How to use RTAS plugins in Pro Tools

It’s always wise to refer to the documentation first; Chapter 27 in the PT Reference Guide, and all of chapter 5 in the DigiRack Plug-ins Guide deal with RTAS plugins in detail. Most of what I say here will be directly from these two sources. I am also assuming that you are using the LE version of ProTools.

This is a picture of a mono track from the mix window in ProTools. The 5 buttons at the top left are the Insert Selector buttons. (they look like this: ). Don’t confuse them with the Send Selector buttons which appear in the section below them and look exactly the same.When you click on one of these selectors, a menu of your RTAS plugins, and your i/o (inputs/outputs) appears.* We can get into the i/o option later, but for this example, select the plugins menu. Depending on how your preferences are set, you will either see a list of plugin categories, or see a list of all of the RTAS plugins that are installed and available on your system for the kind of track that you are using. Keep this in mind; some plugins are stereo only and don’t appear on mono tracks. There are 5 different types of insert formats: Mono, Stereo, Mono In/Stereo Out, Multi-Mono, and Multichannel. If you don’t see the plugin you are looking for in the list, it may be that you are trying to use it on the wrong format track.When you select a plugin, such as the digirack compressor, a window will appear containing the plugin, and your track will be effected. You can change the effects parameters by adjusting them on the onscreen window. Pretty simple, huh?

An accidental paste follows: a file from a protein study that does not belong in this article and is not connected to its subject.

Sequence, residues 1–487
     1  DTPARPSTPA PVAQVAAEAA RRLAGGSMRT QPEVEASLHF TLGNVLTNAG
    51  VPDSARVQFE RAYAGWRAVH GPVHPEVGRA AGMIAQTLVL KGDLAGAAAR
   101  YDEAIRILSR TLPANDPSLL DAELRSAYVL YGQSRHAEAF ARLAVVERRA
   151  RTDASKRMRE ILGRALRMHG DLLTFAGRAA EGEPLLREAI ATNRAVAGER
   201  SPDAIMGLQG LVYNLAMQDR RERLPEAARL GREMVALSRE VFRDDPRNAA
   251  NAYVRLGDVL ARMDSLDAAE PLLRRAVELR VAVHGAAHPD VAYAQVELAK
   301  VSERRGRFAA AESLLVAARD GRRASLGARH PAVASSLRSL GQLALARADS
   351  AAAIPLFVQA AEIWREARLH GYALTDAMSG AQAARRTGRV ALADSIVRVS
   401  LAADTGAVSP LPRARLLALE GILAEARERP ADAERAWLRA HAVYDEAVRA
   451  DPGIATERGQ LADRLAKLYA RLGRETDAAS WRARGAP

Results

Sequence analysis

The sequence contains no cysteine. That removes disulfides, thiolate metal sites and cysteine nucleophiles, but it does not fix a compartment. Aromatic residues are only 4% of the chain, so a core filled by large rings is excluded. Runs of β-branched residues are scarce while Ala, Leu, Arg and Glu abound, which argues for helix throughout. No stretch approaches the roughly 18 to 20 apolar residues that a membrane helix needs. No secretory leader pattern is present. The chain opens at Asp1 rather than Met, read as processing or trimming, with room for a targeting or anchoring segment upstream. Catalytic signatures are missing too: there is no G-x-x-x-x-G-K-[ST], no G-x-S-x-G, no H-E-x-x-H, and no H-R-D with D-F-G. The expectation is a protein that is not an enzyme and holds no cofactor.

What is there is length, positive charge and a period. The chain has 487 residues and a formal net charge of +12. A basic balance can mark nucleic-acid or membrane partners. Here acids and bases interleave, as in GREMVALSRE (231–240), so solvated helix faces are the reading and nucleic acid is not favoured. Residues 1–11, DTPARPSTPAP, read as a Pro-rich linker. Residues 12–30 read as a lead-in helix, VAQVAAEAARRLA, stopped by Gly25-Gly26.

Remember, Inserts do not alter the original audio source files, but process audio in real time, during playback. You can permanently apply real-time effects to tracks by recording or bouncing the effect to disk, or by using the audiosuite equivalent of the plugin, if it has one, and processing the region(s). If the plugin has no audiosuite equivalent, you can either bus the output to another audio track, or solo the track, bounce it, and re-import it to a new (or even the same) audio track.

More advanced topics for plugins: (future help pages like this one)

  • Recording the plugin’s output
  • Using a plugins as a shared resource in a send-and-return arrangement
  • Automating the parameters of a plugin to alter it’s output in real time
  • moving or copying a plugin to another track, or location
  • Saving plugin settings in the session so that they come up everytime on every system

*On TDM systems, TDM plugins also appear, but I’m assuming those looking at this page are just using LE or MP and it doesn’t apply.